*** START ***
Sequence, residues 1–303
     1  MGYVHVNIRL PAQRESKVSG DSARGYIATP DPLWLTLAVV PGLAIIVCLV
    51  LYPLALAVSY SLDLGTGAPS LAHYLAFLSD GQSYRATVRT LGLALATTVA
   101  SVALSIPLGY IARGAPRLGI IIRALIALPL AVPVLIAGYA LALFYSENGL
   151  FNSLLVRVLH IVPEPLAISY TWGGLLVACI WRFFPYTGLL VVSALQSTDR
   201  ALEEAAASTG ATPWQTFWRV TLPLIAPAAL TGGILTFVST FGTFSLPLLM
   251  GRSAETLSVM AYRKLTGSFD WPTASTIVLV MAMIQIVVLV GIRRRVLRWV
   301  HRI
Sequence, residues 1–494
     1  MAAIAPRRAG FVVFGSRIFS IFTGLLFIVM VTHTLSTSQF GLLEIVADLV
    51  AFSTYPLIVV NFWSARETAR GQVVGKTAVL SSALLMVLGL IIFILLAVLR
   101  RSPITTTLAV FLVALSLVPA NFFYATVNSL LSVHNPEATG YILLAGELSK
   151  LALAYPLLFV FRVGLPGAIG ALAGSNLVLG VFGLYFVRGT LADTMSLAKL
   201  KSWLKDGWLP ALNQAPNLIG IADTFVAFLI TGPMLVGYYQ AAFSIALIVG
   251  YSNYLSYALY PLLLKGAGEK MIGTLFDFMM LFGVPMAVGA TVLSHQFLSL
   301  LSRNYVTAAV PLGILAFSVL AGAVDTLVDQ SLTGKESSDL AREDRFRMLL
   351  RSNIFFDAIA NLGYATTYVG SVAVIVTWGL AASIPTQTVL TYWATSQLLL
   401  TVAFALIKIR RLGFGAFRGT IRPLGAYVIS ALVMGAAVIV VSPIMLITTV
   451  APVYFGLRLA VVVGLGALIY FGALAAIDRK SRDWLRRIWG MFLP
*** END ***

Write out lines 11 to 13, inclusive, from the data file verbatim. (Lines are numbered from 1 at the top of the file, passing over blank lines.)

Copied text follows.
    51  AFSTYPLIVV NFWSARETAR GQVVGKTAVL SSALLMVLGL IIFILLAVLR
   101  RSPITTTLAV FLVALSLVPA NFFYATVNSL LSVHNPEATG YILLAGELSK
   151  LALAYPLLFV FRVGLPGAIG ALAGSNLVLG VFGLYFVRGT LADTMSLAKL